BY MARTY JOHNSON –
© Greg Nash
Education Secretary Betsy DeVos issued guidance to the country’s school districts on how they should allocate funds received from Congress’s $2 trillion CARES Act, telling the districts that they should increase the amount of money given to private schools.
The New York Times, which published a story about the DeVos guidance on Friday, reported that language included in House Democrats’ latest coronavirus stimulus bill would hamstring DeVos’s ability to allocate the additional $58 billion in the proposal for K-12 schools to private institutions.
The Hill has reached out to the Education Department for comment.
The CARES Act, signed into law by President Trump in late March, created the Education Stabilization Fund, a multibillion dollar package aimed at aiding schools around the country that had been thrown into financial disarray by the coronavirus pandemic. The fund earmarked a total of $30.75 billion to schools — roughly $14 billion for higher education and $13.2 billion for elementary and secondary education, with the rest, about $2.9 billion, going to nation’s governors.
Per federal education law, when a school district receives federal funding for its poorest students, it is required to fund “equitable services,” such as transportation and tutoring, for low-income students that attend private schools within the district.
For example, if 10 percent of a school district’s low-income students attend private schools, then 10 percent of the districts funding for low-income students — known as Title I funding — must go to provide “equitable services” to those students.
Allocation of the $13.2 billion set aside for elementary and secondary education from the CARES Act worked in the same way, meaning school districts with a higher percentage of low-income students received more money. However, the guidance from DeVos shifted how much of this money private schools could receive.
Instead of funding based on how many low-income students private schools have, the allocation method was changed to base funds off of the total percentage of students in the district that private schools educate, regardless of their income level.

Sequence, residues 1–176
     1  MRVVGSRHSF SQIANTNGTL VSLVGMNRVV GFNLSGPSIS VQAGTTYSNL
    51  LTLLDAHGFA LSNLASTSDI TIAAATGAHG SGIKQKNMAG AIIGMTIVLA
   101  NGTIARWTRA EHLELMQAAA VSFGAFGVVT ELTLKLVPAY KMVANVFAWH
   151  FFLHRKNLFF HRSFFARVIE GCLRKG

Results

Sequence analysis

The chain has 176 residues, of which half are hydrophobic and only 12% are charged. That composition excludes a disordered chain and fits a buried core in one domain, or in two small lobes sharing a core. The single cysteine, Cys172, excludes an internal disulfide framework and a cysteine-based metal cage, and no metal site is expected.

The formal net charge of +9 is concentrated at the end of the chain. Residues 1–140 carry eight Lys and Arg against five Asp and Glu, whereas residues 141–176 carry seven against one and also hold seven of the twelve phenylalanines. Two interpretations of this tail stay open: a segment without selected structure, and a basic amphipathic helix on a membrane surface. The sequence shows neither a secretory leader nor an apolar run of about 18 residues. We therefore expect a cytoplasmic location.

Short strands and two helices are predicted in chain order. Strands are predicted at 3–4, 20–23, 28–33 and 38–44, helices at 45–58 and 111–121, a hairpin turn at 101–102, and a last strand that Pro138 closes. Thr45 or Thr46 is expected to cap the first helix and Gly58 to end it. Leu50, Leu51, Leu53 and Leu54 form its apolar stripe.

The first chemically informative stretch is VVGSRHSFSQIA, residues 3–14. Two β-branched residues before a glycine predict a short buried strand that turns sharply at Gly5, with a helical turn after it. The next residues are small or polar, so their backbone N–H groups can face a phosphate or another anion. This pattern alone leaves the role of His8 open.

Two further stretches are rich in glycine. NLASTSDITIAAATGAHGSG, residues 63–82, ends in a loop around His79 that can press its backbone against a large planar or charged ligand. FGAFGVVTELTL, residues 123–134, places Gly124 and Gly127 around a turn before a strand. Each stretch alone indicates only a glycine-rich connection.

The secretary’s guidance has been met with pushback from states and districts facing large budget shortfalls due to the pandemic.
The Council of Chief State School Officers sent DeVos a letter on May 5, asking for clarification on the guidance.
“The effect would be that non-public schools would receive an inequitable amount of funding, much more federal support than Congress intended, or [local educational agencies] anticipated based upon the CARES statute,” it said.
In its letter, the group cites that nonpublic schools in Louisiana would receive “at least 267% more funding under the Department’s suggested approach than they would if [U.S. Education Department] were to interpret equitable services as required under CARES.”
“In Orleans Parish, Louisiana, at least 77% of its CARES formula allocation would be directed to non-public schools in the area,” it added.
David Sciarra, the executive director of the Education Law Center, wrote New Jersey Gov. Phil Murphy (D) to reject the guidance, saying that Newark Public Schools — the largest school district in the state — would lose $800,000 in emergency funding under the guidance.
On Tuesday, Indiana’s superintendent of public instruction, Jennifer McCormick (R), said in a tweet that the state wouldn’t follow DeVos’s guidance.
“IN will distribute funds according to Congressional intent and a plain reading of the law,” she said. “I will not play political agenda games with COVID relief funds. Our most at-risk students depend on this commitment.”
Critics of DeVos believe that her new guidance is the latest scheme in the secretary’s long-running crusade for private schools and school choice.
Additionally, she has received flak for setting aside $349 million — 2.5 percent of Higher Education Emergency Relief money — to “address the greatest unmet needs related to the coronavirus, giving priority to schools that have not been allocated at least $500,000 from the fund.”
The department has said that its goal with this is to “ensure that every eligible public and private nonprofit institution will receive at least $500,000 in CARES Act relief funding,” but many have questioned if the money is going to where it is needed the most. Specifically, small colleges have received large influxes of aid, despite their tiny enrollments.
Inside Higher Ed cited that Massachusetts’s Conway School of Landscape Design is now expected to receive $493,308 in aid from the CARES Act. With an enrollment of 18 students for the 2017-18 academic year, that comes out to more than $27,000 per student.
By comparison, New Orleans–based Delgado Community College received $11.3 million in funding from the stimulus package. However, with more than 20,000 students for 2017–18 academic year, the institution received only $550 per student, according to Inside Higher Ed.
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